A new row broke out yesterday over the Greenbury Committee's proposals on disclosure of directors' pensions, when employers were accused of trying to "have their cake and eat it".
Some employers have been strongly critical of the Greenbury proposals because they will show that pension benefits resulting from salary increases can be worth several times annual earnings.
They fear that once this hitherto secret benefit is disclosed in annual reports there will be heightened public concern about rewards for "fat cats".
But Paul Thornton, chairman of the Pensions Board of the Institute and Faculty of Actuaries, said yesterday it was perfectly possible for companies to avoid sharp increases in pension benefits, even with the original Greenbury method.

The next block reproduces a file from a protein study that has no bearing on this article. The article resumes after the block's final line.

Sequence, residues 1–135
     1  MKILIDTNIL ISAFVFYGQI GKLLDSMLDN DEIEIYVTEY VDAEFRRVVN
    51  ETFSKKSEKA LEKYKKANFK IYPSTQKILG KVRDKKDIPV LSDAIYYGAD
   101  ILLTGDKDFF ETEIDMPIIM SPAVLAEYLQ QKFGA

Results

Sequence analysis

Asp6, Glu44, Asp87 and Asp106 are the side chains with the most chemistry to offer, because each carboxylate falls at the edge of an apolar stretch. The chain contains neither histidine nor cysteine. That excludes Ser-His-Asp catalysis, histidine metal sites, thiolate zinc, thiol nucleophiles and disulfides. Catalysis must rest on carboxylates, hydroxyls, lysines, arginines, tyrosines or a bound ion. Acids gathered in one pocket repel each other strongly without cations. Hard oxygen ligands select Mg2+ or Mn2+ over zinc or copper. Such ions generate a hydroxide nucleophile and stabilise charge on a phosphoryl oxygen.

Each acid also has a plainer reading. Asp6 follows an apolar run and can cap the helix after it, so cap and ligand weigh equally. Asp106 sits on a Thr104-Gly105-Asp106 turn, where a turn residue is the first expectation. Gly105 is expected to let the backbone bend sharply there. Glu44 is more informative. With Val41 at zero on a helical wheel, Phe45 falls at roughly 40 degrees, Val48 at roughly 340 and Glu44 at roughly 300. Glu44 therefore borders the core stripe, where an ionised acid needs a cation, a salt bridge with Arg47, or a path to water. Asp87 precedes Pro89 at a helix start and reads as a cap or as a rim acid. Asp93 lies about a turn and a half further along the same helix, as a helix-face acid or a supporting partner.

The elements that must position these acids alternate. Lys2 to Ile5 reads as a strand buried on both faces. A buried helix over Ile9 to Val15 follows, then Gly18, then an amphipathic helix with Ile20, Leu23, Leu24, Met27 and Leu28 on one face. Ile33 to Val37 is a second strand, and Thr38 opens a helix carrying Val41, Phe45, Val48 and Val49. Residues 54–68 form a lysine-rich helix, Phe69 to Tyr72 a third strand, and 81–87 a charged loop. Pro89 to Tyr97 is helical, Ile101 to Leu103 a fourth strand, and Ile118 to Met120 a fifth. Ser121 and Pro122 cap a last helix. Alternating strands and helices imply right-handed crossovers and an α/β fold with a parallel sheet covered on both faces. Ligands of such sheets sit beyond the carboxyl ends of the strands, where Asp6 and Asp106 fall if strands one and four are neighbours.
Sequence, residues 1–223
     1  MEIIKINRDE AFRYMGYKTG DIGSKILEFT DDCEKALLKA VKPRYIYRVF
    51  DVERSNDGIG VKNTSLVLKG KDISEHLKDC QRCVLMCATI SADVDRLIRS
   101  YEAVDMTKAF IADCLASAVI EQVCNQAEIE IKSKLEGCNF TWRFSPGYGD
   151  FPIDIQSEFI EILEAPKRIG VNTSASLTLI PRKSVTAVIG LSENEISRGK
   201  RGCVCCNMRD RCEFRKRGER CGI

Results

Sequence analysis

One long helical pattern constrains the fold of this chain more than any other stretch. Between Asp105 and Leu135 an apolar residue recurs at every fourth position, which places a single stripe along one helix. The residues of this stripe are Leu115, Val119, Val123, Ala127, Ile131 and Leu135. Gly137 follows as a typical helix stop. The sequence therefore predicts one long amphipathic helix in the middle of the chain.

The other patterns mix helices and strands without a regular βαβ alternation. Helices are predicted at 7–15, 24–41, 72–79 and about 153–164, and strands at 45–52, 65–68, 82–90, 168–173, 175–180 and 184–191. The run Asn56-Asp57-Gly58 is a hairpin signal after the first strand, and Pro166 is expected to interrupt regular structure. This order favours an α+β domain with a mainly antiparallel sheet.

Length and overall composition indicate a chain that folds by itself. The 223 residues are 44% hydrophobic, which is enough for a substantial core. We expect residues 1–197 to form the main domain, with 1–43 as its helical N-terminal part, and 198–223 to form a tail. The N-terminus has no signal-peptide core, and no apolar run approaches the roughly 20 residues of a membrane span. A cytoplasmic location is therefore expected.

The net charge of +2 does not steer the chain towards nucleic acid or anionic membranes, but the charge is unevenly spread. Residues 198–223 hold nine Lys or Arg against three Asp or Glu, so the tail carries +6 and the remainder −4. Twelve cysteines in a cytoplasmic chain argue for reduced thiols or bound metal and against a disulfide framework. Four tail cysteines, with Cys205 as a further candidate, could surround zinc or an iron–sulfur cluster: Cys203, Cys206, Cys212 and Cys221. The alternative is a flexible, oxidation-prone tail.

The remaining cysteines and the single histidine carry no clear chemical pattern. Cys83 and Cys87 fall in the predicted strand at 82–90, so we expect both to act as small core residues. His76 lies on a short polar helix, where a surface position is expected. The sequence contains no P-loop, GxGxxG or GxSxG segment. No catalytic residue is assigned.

He was introducing a consultative report on the subject commissioned from the actuarial bodies by the Stock Exchange and the Department of Trade and Industry.
Many employers have argued for a different method of disclosure which averages pension benefits over the years and shows less dramatic increases in benefits than Greenbury.
But Mr Thornton said that if companies based directors' pensions on the last three years of service rather than the final year it would remove the sharp peaks disclosed using the Greenbury method - and the change would also bring directors pension conditions more into line with those for employees. …